Julia ridicules religious spirituality and persuades her children to pursue physical pleasure to explore the world. She finds the most intellectual resistance from her youngest son Aron who wants to focus on learning Torah. She negates traditionally sacred Torah observant life, claiming it is “Fundamentalism”. This is heresy –theories contrary to established religious beliefs — and is not a new phenomenon in Judaism. In the Mishna (the first writing of the Oral Torah, circa 200 CE) we find heresy mentioned in Tractate Yadayim. In the Gemara (Rabbinical commentary of the Mishna, circa 500 CE) from the first Tractate Brachos 12a, 28b, 29a, 34b until the last Tractate Nidah 33b, we find the Talmudists discrediting various forms of heresy.
Should Julia Haart’s heresy be ignored or challenged by Torah observant Jews? Rabbi Elazar Ben Arach (1st Century CE) says (Avos 2:19) ְדַע מַה שֶּׁתָּשִׁיב לְאֶפִּיקוֹרוֹס. One should know how to answer an apikores, a heretic. Rabbi Dovid Rosenfeld at https://torah.org/learning/pirkei-avos-chapter2-19/ offers insight. He explains the origin of the word “apikores” as the Hebrew equivalent of Epicurus, the Ancient Greek philosopher (3rd-2nd Centuries BCE), founder of the Epicurean philosophy –“Eat, drink, and be merry for tomorrow we die.”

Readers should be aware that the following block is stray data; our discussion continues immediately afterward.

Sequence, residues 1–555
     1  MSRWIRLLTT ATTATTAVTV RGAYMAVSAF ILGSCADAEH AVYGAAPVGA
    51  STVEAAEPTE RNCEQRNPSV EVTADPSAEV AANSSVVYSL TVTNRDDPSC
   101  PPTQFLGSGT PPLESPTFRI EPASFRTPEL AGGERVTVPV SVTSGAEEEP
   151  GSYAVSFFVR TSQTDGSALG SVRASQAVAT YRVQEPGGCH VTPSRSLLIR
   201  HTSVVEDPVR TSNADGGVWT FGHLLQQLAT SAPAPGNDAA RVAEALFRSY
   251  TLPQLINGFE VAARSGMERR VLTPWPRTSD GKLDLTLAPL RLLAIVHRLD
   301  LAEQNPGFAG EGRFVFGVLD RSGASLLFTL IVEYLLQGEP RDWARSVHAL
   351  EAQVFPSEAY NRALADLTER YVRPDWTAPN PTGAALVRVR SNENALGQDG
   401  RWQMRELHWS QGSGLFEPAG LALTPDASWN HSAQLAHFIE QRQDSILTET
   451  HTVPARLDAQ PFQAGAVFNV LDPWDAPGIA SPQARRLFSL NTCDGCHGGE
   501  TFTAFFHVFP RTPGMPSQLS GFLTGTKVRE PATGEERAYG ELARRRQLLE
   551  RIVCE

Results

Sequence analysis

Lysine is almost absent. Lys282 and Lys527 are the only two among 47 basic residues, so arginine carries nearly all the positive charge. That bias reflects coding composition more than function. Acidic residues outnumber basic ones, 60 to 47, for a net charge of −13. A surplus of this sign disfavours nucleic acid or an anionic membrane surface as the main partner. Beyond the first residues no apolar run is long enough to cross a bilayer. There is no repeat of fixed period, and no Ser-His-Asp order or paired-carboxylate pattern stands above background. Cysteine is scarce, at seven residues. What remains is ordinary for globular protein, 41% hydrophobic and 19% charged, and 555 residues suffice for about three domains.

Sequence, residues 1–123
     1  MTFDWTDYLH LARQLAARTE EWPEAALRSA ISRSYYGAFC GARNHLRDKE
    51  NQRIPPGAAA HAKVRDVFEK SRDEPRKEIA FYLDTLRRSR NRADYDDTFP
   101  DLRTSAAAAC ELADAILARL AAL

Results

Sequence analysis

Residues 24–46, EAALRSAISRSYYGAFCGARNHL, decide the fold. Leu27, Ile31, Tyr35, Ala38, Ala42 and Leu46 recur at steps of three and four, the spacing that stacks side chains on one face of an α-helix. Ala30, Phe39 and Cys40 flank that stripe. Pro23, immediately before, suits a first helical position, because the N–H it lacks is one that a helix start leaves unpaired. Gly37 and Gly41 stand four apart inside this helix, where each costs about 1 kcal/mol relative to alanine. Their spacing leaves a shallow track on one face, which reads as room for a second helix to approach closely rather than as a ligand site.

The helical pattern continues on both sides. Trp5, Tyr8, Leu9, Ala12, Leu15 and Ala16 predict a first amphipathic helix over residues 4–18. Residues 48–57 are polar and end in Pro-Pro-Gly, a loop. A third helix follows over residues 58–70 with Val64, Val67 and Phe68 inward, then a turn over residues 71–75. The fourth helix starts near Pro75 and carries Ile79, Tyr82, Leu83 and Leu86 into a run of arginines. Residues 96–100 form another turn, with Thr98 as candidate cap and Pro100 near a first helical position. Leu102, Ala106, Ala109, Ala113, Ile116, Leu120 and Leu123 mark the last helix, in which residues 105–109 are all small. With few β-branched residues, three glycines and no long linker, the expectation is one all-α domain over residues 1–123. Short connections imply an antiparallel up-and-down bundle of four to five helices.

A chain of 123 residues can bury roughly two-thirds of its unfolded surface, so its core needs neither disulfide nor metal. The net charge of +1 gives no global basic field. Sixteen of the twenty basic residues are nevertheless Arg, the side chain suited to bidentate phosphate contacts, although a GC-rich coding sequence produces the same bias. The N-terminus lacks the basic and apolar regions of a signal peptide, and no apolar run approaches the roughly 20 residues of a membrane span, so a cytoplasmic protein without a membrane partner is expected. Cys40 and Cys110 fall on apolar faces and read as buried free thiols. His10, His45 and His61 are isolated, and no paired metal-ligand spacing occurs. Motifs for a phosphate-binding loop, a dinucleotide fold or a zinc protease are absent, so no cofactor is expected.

Rosenfeld explains R. Elazar’s advice of knowing how to respond to the heretic is significant. “Although our gut reaction might be not to dignify the scoffer with a response … we are told to take his arguments quite seriously.” Rosenfeld further states we should never feel that in Judaism we are sacrificing this world for the next. Hedonists indulge their bodies until they burn out with such pleasures. Only we who understand our purpose in life, who sense our immortality can sense true happiness and fulfillment both in this world and in the next.
What is fundamentalism and does Jewish fundamentalism exist? The Merriam Webster dictionary defines fundamentalism as “a movement in 20th century Protestantism emphasizing the literally interpreted Bible as fundamental to Christian life and teaching” — not orthodox Judaism. The Stanford Encyclopedia of Philosophy published an essay on Maimonides (known as the Rambam 1138-1204) https://plato.stanford.edu/entries/maimonides/ The Rambam was the greatest Jewish philosopher of the Medieval Period and a leading rabbinic authority. The essay states: The Guide of the Perplexed, מורה הנבוכים (circa 1190) is the Rambam’s most extensive philosophic discussions where he states The biggest stumbling block to love of G-D is the belief that the only way to remain true to the Bible is to interpret it literally. The result of literal interpretation is a material conception of G-D, which, in Maimonides’ opinion, amounts to idolatry. See The Guide for the Perplexed Translated by M. Friedlander, PhD, (Dover Publications, May 2000, pg 211).
The concept of fundamentalism- the literal translation of the Bible and Scripture – does not exist among the multiple and diverse Torah observant communities. Since the Revelation at Sinai (Matan Torah) the Oral transmission from G-D to Moses is incorporated in the written Torah. Throughout Jewish history there have been fundamentalist movements based on various literal translations, such as, the Boethusians (Beysusim) and Sadducees (Tzadokim) (2nd Century BCE to the destruction of the Temple), who rejected the Oral Law (Torah Sh’Baal Peh) and the Maskilim, who translated Scripture (Tanach) rejecting commentary – all have failed the tests of time.